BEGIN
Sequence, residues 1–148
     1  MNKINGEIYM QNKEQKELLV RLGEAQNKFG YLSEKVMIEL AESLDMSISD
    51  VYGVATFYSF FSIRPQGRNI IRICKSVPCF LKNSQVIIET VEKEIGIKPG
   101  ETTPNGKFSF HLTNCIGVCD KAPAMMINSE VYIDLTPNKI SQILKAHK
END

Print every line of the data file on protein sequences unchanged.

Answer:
Sequence, residues 1–148
     1  MNKINGEIYM QNKEQKELLV RLGEAQNKFG YLSEKVMIEL AESLDMSISD
    51  VYGVATFYSF FSIRPQGRNI IRICKSVPCF LKNSQVIIET VEKEIGIKPG
   101  ETTPNGKFSF HLTNCIGVCD KAPAMMINSE VYIDLTPNKI SQILKAHK